This is why saying “me too” is not enough, dear Christian. For while you may say, “me too”, please don’t forget to say, “but God.” Because God does not leave us in our miserable wilderness. Because God sees the injustice. Because God sees your pain. He IS the God who sees you. He is the God who has redeemed you and will continue to redeem you (Phil 1:6). The world doesn’t have this hope. The world can only say, “Me too.” You and I can say, “Me too, but God.”

The great tragedy of “Me too” is not just that the world can say it. It’s not just that sin is so pervasive. It’s not just that it might wake us up to the reality that evil men and women are everywhere. “Me too”, while it may offer a temporary comfort of not feeling alone, does not offer the hope everlasting that is offered to us through the blood of Christ.

The God who sees victims doesn’t just give victims a pass. He doesn’t say, “Oh well, move on.” In the Old Testament, God put to death the rapist and removed all shame from the victim, saying that the sin of the abuser was not hers. While many victims of sexual abuse feel shame, the God who sees us is not silent. Not only are abusers treated with zero mercy, they are given the full penalty for their actions, and the victim cannot be treated remotely in the same way.

There is a time to discuss due process. False accusations. The role men must play to protect women as the weaker vessels. How often us women don’t want to admit we are the weaker vessel. For me, that time is not today. For me, my encouragement in this discussion is not to end “me too” with a period, but a comma. Let’s try “me too, but God…” How has God seen you? How has God redeemed you? How has God loved you? How has God fought for you? If you want to tell your story, if you want to help the hurting, give them the everlasting hope, the peace that surpasses all understanding. We are not apes on ego trips. We are, men and women alike, made in the image of God and there will be justice to the abuser, whether in this life or the next. So to my brothers and sisters who feel the weight of “me too”, don’t forget our loving Father, our ever present help in trouble. He does more than just see you. He comes to you in your pain. And He redeems.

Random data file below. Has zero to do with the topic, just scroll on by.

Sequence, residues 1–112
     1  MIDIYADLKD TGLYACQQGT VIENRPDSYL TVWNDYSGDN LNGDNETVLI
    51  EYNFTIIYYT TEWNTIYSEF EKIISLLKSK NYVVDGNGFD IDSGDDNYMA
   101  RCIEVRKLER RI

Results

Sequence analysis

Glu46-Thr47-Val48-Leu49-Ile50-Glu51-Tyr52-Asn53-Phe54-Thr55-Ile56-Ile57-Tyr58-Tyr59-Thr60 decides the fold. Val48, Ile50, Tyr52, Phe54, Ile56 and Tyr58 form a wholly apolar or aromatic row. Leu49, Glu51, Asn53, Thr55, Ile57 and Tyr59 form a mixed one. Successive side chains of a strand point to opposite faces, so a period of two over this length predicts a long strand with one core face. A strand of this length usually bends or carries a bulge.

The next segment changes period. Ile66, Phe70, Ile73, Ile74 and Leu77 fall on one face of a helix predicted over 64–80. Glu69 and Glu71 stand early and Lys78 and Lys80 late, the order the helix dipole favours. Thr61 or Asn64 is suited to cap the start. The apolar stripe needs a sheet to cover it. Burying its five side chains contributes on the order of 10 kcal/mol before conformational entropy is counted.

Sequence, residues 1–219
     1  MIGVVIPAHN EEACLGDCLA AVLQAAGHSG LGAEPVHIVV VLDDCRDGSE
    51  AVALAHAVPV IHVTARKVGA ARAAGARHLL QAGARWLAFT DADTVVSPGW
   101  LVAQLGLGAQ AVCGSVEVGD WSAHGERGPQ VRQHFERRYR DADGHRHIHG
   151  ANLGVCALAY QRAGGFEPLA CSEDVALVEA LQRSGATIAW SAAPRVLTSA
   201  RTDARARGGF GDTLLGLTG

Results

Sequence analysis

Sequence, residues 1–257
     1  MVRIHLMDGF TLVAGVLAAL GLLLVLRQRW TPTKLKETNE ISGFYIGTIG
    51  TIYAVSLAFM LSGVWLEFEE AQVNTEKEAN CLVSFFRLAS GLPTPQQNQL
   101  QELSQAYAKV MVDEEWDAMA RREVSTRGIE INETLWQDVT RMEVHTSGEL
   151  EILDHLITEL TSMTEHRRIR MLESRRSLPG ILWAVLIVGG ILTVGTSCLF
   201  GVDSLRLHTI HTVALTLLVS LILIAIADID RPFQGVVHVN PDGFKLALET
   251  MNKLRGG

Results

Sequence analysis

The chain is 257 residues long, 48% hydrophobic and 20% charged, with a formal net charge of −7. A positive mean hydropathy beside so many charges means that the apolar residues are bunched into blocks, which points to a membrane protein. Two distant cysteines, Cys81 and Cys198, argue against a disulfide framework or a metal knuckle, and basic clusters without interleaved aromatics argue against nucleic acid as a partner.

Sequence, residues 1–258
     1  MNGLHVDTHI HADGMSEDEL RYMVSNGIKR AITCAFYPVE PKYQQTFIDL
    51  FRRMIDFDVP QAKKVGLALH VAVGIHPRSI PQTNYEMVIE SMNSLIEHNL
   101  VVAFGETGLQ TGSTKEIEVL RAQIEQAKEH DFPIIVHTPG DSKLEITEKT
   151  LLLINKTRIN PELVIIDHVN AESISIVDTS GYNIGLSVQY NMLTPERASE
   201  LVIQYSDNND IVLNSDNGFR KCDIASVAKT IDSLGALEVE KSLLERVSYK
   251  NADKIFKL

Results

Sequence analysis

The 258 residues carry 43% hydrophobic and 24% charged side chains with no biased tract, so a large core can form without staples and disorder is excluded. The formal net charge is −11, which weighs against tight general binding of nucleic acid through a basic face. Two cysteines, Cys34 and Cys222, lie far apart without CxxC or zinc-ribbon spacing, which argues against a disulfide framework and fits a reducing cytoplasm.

But God demonstrates His own love toward us, in that while we were yet sinners, Christ died for us.

But God, who is rich in mercy, because of His great love with which He loved us,  even when we were dead in trespasses, made us alive together with Christ (by grace you have been saved).

But God’s truth stands firm like a foundation stone with this inscription: “The LORD knows those who are his,” and “All who belong to the LORD must turn away from evil.”

But God has chosen the foolish things of the world to shame the wise, and God has chosen the weak things of the world to shame the things which are strong.